Eurovision (Burning Bridges)


In the recent British general election, much of the result was attributed to the lexical splendour that is the shy Tory swing. This has nothing to do with an underground sex dungeon more a proportion of the electorate who were less than forthcoming about their voting intentions in opinion polls prior to the election or, as I understand it, overtly reticent in their support afterwards. What this means is that there are a lot of people who are seemingly ashamed about revealing their political allegiance. The reasons could be varied. But it goes without saying that somewhere in there is shame, guilt or that terribly British ailment of awkwardness.

In Austria – and Vienna – there is much the same elective inscrutability with the right wing Freedom Party (the FPÖ, strangely silent at the moment). Many people will openly talk about the issues close to the Freedom Party bosom – immigration, the EU, free market economics – but rarely if ever candidly admit voting for them. That said, deduction is easy. They have a clear antipathy towards the Greens and roll their eyes when anyone mentions the more dominant Socialist party and incumbent mayor, Michael “needs to verk on ze English accent” Häupl.

The Freedom Party are similar to the UKIP in “conservative” Britain. Yet students of political ideology should be aware that there are three clear differences. The first is that the FPÖ have better teeth. Secondly, the head of the party – Heinz Christian – definitely not gay – Strache would never have a German girlfriend let alone wife (unpatriotic). And thirdly, they are bigger arsewipes.

Nevertheless, with a Vienna election looming they are predicted to grab anything between quarter and a third of the vote in the city. And remember, there is none of this antiquated “first past the post” malarkey as in Britain. Thirty per cent will mean roughly thirty per cent of the power, although this would be neutralised, more or less, if the current Red-Green government can again command a combined majority in the Viennese parliament. Of course, this would mean that the FPÖ would once more sit on the sidelines. And a lot of people, like me as a seventeen year old desperate for love, meaning and stability, will remain impatient and shy (and very frustrated).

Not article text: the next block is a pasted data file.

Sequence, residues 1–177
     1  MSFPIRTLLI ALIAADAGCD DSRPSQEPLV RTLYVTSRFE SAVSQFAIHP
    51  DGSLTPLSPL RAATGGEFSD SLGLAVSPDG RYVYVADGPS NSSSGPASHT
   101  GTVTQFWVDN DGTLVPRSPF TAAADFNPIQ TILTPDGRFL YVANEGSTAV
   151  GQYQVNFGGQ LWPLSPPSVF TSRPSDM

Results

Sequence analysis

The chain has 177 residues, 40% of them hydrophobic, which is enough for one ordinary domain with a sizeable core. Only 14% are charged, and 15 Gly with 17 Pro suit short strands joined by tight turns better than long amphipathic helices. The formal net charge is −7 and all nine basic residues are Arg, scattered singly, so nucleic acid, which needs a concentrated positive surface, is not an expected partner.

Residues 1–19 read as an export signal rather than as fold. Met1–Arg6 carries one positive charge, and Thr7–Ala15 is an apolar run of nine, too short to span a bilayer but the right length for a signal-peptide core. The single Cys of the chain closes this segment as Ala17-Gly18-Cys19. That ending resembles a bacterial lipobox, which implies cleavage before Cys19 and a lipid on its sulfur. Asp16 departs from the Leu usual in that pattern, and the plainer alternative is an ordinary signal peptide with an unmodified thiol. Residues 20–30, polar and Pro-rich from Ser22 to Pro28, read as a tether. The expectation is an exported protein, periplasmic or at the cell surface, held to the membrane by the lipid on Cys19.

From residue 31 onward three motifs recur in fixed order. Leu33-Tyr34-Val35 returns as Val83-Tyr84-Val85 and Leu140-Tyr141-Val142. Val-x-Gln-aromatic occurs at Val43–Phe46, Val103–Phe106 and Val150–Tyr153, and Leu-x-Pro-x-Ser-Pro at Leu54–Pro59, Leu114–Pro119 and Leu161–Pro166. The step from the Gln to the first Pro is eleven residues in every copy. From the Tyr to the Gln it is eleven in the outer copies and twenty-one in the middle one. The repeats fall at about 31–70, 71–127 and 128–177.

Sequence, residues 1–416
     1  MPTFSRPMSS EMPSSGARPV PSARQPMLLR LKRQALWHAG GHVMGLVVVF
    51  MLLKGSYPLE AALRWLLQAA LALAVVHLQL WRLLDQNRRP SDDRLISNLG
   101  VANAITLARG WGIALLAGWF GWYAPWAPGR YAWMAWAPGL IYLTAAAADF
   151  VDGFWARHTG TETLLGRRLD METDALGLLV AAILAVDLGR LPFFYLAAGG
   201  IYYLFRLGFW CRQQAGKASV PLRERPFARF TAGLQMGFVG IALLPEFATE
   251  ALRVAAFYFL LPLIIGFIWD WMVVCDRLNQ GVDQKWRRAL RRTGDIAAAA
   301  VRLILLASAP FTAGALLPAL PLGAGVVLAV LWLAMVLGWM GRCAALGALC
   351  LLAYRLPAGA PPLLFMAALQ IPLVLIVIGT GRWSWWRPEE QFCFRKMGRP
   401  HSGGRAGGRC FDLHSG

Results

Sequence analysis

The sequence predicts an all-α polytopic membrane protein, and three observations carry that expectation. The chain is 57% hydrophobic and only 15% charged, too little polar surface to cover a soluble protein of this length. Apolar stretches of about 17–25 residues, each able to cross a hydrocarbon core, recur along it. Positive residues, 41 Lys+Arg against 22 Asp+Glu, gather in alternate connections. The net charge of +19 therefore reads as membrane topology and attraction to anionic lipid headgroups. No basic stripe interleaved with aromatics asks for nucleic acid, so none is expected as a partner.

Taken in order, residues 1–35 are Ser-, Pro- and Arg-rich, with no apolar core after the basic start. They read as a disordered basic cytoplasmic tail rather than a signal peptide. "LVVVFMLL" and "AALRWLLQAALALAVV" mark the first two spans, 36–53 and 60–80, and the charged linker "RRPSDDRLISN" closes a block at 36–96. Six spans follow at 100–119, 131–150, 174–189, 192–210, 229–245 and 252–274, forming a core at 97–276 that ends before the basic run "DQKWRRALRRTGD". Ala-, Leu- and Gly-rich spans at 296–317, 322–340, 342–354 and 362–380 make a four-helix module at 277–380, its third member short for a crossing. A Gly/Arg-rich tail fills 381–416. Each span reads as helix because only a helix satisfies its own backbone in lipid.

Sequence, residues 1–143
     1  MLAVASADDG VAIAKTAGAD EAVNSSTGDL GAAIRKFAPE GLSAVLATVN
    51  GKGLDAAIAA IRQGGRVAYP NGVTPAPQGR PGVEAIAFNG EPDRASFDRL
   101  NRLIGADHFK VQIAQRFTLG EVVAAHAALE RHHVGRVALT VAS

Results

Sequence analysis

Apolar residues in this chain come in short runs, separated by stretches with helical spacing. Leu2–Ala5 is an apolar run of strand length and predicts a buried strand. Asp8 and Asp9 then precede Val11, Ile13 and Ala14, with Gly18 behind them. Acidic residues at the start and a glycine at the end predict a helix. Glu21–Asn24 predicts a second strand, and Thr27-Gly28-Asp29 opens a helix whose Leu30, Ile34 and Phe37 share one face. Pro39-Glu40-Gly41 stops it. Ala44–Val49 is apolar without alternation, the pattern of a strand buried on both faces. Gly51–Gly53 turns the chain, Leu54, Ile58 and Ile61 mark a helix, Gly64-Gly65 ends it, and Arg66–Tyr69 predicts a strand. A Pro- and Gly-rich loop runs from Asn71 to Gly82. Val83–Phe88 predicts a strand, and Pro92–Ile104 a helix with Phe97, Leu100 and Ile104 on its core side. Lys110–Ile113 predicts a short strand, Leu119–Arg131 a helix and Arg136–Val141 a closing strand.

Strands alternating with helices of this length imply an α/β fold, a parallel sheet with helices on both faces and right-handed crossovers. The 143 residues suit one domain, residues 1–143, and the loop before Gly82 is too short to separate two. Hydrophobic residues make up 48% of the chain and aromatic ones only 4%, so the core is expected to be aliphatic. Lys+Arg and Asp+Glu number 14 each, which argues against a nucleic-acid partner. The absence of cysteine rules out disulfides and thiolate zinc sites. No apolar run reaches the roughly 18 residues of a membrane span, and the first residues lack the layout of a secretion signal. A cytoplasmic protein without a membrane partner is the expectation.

The bashfulness of the reticent FPÖ voter is a little bit like the local reaction to Eurovision. You remember the pan-European contest established in 1956 to bring Europe closer together in cultural and vocal harmony? Pre-dating the signing of the 1957 Treaty of Rome and the formation of the real European Economic Community (the forerunner to the EU)? Well, the ESC (Eurovision Song Contest) juggernaut has finally hit town – I know you knew that – and the reaction, Viennese to the core, has been wild with expectation. I think. I say that because I am not always sure if there is broad support or not. There is clearly a lot of interest but equally palpable indifference (which may or may not be fake, like the “shy” voter effect.) No one wants to admit being a fan and for some under normal circumstances it is clearly social suicide to do so. Of course, I have no such fears. I am paid to talk to people and will adopt any political, cultural or philosophical position if it helps me through day and a step nearer to a bottle of Stiegl. In other words, I will tweak my position to suit the audience and I am masterly in such Francis Underwood jockeying. “Eurovision? Love it!” “Eurovision? Pile of crap!”

Yet the ESC is the biggest event to hit the alpine republic since the European Football Championships it co-hosted with the devious Swiss in 2008. And you would assume that this might be a cause for some degree of celebration given the opportunities to present Vienna (and Austria) as a heinous hotbed of tolerance, freedom and diversity (probably why the FPÖ have been so muted recently).

However, where there is the politics of progression, waiting in the wings on a specially built taxpayer funded stage is the usual chorus of dissent. Talk of “festival” overkill coming on the back of last week’s Summer Night’s Concert, the yearly Life Ball and the up and coming Wiener Festwochen. Or the cost of staging the event itself. Not to mention the sudden concentration of shimmery outfits, backing singers and fake tans, upsetting the intricate balance of the Viennese habitual forbearance and compelling lexicographers of all the world’s languages to seek an urgent redefining of kitsch.